17:24God that made the world, and all things that are therein, seeing that he is Lord of heaue and earth, dwelleth not in temples made with hands,
17:25Neither is worshipped with mens handes, as though he needed any thing, seeing hee giueth to all life and breath and all things,
17:26And hath made of one blood all mankinde, to dwell on all the face of the earth, and hath assigned the seasons which were ordeined before, and the boundes of their habitation,
17:27That they shoulde seeke the Lord, if so be they might haue groped after him, and founde him though doubtlesse he be not farre from euery one of vs.
17:28For in him we liue, and mooue, and haue our being, as also certaine of your owne Poets haue sayd, for we are also his generation.
17:29Forasmuch then, as we are the generation of God, we ought not to thinke that ye Godhead is like vnto gold, or siluer, or stone grauen by arte and the inuention of man.
17:30And the time of this ignorance God regarded not: but nowe hee admonisheth all men euery where to repent,
17:31Because hee hath appoynted a day in the which he wil iudge the world in righteousnes, by that man whome hee hath appoynted, whereof he hath giuen an assurance to all men, in that hee hath raised him from the dead.
17:32Now when they heard of the resurrection from the dead, some mocked, and other sayde, We will heare thee againe of this thing.
17:33And so Paul departed from among them.
17:34Howbeit certaine men claue vnto Paul, and beleeued: among whome was also Denys Areopagita, and a woman named Damaris, and other with them.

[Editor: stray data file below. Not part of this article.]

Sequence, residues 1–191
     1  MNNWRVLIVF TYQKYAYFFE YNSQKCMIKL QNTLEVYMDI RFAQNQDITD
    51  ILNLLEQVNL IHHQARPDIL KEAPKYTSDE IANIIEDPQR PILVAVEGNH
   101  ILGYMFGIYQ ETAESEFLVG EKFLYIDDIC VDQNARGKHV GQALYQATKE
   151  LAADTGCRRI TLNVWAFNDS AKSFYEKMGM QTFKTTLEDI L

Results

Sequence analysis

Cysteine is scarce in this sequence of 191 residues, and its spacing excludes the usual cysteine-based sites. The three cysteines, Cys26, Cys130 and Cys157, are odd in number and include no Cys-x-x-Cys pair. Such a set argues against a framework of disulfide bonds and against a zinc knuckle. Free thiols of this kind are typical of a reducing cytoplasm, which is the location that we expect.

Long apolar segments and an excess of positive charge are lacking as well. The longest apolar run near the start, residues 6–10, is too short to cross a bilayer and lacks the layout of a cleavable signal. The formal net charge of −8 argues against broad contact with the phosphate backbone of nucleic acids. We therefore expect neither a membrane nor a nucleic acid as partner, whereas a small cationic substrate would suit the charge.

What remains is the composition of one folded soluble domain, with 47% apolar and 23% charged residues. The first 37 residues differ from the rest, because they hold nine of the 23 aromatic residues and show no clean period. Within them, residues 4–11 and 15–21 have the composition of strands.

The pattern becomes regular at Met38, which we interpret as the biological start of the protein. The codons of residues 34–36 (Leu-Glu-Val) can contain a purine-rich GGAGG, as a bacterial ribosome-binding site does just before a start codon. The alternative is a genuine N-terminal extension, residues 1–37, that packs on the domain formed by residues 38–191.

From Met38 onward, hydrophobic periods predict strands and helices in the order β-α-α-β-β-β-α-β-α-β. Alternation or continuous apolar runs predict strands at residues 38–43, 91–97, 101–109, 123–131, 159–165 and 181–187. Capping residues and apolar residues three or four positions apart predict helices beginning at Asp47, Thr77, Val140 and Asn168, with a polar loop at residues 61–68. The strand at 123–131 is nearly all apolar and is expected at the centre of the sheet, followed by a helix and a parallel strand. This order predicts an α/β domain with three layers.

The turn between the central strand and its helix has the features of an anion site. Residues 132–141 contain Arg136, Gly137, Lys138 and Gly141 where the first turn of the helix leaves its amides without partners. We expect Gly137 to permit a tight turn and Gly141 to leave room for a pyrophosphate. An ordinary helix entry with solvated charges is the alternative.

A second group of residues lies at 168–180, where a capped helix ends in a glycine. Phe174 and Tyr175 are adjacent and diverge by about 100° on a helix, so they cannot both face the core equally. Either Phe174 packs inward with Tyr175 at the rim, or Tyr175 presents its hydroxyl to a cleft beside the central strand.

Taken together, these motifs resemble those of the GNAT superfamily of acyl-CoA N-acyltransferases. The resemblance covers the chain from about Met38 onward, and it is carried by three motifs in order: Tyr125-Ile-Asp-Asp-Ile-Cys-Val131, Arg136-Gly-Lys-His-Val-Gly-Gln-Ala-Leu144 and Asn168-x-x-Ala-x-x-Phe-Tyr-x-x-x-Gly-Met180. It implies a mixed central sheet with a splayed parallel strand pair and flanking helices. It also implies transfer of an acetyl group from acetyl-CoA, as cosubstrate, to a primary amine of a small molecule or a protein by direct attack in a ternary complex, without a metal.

Geneva Bible 1560

Geneva Bible 1560

The Geneva Bible is one of the most influential and historically significant translations of the Bible into English, preceding the King James translation by 51 years. It was the primary Bible of 16th century Protestantism and was the Bible used by William Shakespeare, Oliver Cromwell, John Knox, John Donne, and John Bunyan. The language of the Geneva Bible was more forceful and vigorous and because of this, most readers strongly preferred this version at the time.

The Geneva Bible was produced by a group of English scholars who, fleeing from the reign of Queen Mary, had found refuge in Switzerland. During the reign of Queen Mary, no Bibles were printed in England, the English Bible was no longer used in churches and English Bibles already in churches were removed and burned. Mary was determined to return Britain to Roman Catholicism.

The first English Protestant to die during Mary's turbulent reign was John Rogers in 1555, who had been the editor of the Matthews Bible. At this time, hundreds of Protestants left England and headed for Geneva, a city which under the leadership of Calvin, had become the intellectual and spiritual capital of European Protestants.

One of these exiles was William Whittingham, a fellow of Christ Church at Oxford University, who had been a diplomat, a courtier, was much traveled and skilled in many languages including Greek and Hebrew. He eventually succeeded John Knox as the minister of the English congregation in Geneva. Whittingham went on to publish the 1560 Geneva Bible.

This version is significant because, it came with a variety of scriptural study guides and aids, which included verse citations that allow the reader to cross-reference one verse with numerous relevant verses in the rest of the Bible, introductions to each book of the Bible that acted to summarize all of the material that each book would cover, maps, tables, woodcut illustrations, indices, as well as other included features, all of which would eventually lead to the reputation of the Geneva Bible as history's very first study Bible.